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National Healthcare Disparities Report, 2004

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4. Types of Data

The standardized table shells were used to compare and contrast information on selected measures of access, use and expenditures, and quality of care for elderly persons living in communities. The measures and methods used to construct them are described below:

Expenditure Tables

The MCBS Cost and Use files contain charge and payment information for each service received by a sample person. The charge is the amount to which a provider was legally entitled to collect for the service, and it is equal to the sum of payments from eleven potential payers. One of the eleven potential payers is "amount discount," which is used to account for any difference between the allowed charge and payments from the other ten sources. Assume, for example, a provider was entitled to $100 for an office consultation and the sum of payments from the patient and third party payers such as Medicare, Medicaid, and private insurance was $90. The remaining $10 to which the provider was entitled would be considered uncollected liability and assigned to "amount discount" to make the sum of payments by the eleven sources equal the allowed charge.

Total expenditures in tables prepared for the NHDR are defined as the sum of payments from all sources except amount discount. The payments represent the amounts received by providers for their services. The ten sources from which a provider might receive payment include Medicare, Medicaid, Medicare HMO, private HMO, Veterans Administration, employer-sponsored private insurance, individually purchased private insurance, private insurance from an unknown source, the sample person, and public health plans other than Medicare or Medicaid.

Two sets of tables were created to compare and contrast mean outlays for all services and for prescription drug purchases by elderly community residents. One set includes all of the elderly community residents in the sample (per capita expenditure tables). The other set includes only the elderly community residents with expenditures (per user expenditure tables).

User Rate Tables

User rate tables were created to compare and contrast the proportion of beneficiaries with expenditures for inpatient hospital services and for prescription medicine purchases. Separate tables were created for inpatient hospital services and for prescription drug purchases. Users are defined as persons with an expense for at least one of the relevant services, and user rates are calculated as the proportion of persons with an expense in each cell in the standardized tables.

Source of Payment Tables

Two sets of tables were created to show the proportion of expenses paid out-of-pocket for all services and for prescription medicines. The out-of-pocket share of total expenditures in these tables is defined as the sum of out-of-pocket payments by all persons in a cell divided by their total expenditures.

Access and Satisfaction Tables

Six sets of tables were created to assess dimensions of access to and satisfaction with health care by elderly community residents. The tables are based on responses to the following questions about medical care received in the year preceding the interview:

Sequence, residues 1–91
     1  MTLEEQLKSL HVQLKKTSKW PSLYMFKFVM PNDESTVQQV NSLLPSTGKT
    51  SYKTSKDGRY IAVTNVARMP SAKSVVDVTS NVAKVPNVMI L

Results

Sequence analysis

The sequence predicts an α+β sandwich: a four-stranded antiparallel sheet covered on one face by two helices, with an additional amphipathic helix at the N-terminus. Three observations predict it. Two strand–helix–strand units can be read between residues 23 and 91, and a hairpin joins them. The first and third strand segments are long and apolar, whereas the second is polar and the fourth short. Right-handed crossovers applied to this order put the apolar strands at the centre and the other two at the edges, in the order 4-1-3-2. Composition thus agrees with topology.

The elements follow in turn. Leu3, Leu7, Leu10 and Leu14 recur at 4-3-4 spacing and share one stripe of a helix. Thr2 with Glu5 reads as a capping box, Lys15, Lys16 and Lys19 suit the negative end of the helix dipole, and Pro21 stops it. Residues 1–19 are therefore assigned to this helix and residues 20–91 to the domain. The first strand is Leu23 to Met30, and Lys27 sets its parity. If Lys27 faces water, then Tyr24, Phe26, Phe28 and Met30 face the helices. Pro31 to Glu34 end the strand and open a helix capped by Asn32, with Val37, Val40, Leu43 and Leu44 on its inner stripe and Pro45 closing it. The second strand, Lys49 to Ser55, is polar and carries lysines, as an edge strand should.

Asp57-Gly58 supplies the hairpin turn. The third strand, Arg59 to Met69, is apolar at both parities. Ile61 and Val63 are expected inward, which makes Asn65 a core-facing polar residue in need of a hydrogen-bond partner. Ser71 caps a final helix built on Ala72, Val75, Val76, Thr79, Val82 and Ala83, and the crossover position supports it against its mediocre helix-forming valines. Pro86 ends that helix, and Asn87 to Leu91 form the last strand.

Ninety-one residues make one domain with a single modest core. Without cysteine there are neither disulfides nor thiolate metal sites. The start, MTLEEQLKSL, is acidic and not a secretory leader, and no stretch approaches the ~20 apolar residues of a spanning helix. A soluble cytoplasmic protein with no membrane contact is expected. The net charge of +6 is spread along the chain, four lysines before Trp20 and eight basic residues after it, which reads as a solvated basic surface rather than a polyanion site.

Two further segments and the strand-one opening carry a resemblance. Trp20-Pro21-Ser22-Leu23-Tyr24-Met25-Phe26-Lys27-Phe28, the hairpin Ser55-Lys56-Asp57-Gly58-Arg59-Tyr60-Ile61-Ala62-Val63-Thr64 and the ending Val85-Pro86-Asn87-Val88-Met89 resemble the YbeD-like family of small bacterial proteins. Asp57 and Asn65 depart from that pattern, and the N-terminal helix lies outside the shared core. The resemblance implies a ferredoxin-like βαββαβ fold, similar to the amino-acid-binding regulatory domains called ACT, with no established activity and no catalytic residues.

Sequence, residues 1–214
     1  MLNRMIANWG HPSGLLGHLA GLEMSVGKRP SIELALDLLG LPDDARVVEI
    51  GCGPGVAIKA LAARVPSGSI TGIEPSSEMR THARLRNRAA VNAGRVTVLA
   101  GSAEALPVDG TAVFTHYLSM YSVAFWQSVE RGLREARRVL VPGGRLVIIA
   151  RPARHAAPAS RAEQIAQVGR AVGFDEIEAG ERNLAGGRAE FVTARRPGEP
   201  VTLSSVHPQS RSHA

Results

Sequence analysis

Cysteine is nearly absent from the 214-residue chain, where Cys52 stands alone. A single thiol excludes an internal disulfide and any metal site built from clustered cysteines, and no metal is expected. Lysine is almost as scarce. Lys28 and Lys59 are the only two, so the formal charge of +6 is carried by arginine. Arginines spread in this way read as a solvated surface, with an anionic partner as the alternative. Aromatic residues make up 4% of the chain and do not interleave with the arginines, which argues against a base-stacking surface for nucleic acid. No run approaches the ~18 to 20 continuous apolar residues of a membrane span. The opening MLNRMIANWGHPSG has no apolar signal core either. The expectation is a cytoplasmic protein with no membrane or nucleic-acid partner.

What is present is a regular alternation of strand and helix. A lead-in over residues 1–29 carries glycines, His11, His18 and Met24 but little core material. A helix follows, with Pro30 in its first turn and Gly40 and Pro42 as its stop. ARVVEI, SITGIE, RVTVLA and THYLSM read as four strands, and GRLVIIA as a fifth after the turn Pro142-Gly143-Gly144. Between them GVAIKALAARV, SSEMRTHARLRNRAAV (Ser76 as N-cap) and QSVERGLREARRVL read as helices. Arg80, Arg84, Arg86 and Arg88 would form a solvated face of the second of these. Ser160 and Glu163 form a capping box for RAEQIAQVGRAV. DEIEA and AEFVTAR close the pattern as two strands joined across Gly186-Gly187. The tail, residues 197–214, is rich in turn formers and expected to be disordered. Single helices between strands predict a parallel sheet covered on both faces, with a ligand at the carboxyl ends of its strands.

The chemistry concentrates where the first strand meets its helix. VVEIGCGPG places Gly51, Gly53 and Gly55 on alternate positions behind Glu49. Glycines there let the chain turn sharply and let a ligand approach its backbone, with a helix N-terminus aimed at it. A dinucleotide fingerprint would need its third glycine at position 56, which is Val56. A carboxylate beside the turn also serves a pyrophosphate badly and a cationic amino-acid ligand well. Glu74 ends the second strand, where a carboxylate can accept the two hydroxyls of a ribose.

• The "Usual Source of Care" tables show the proportion of persons who did not have access to a particular medical person or clinic when they were sick or needed medical advice.
  • The "Had Trouble Getting Care" tables show the proportion of persons who reported difficulty getting care that they wanted or needed.
  • The "Delayed Care Due to Cost" tables show the proportion of persons who reported that they delayed seeking care because they were worried about the cost.
  • The "Quality of Care" tables show the proportion of persons who were dissatisfied or very dissatisfied with the overall quality of care received during the previous twelve months.
  • The "Availability of Care" tables show the proportion of persons who were dissatisfied or very dissatisfied with the availability of care at night and on weekends.
  • The "Ease of Getting to a Doctor" tables show the proportion of persons who were dissatisfied or very dissatisfied with the ease and convenience of getting to a doctor from their residence.

All of the tables show the proportion of negative responses by persons within a cell. The denominator for the proportions includes the total population of the cell regardless of how the sample person responded to the question. For questions concerning satisfaction with care, the denominator for a cell may include persons who reported no experience with the dimension of health care about which the question asked.

Computation of Statistics and Standard Errors

The counts, means, and proportions in the tables are weighted to reflect the "ever enrolled" Medicare population in the relevant data year. In addition, standard errors are included in the tables in order to assess the impact of sampling variability on the accuracy of the estimates. They were estimated by using a software package (SUDAAN) that accounts for the impact of non-random sampling procedures on the precision of the weighted estimates.

Not all table cells have a value. If a cell had fewer than 30 observations or the relative standard error of the estimate was greater than 30, the value for that cell was suppressed. This rule was implemented to avoid reporting statistically unreliable estimates of the characteristics of elderly community residents.

 

 

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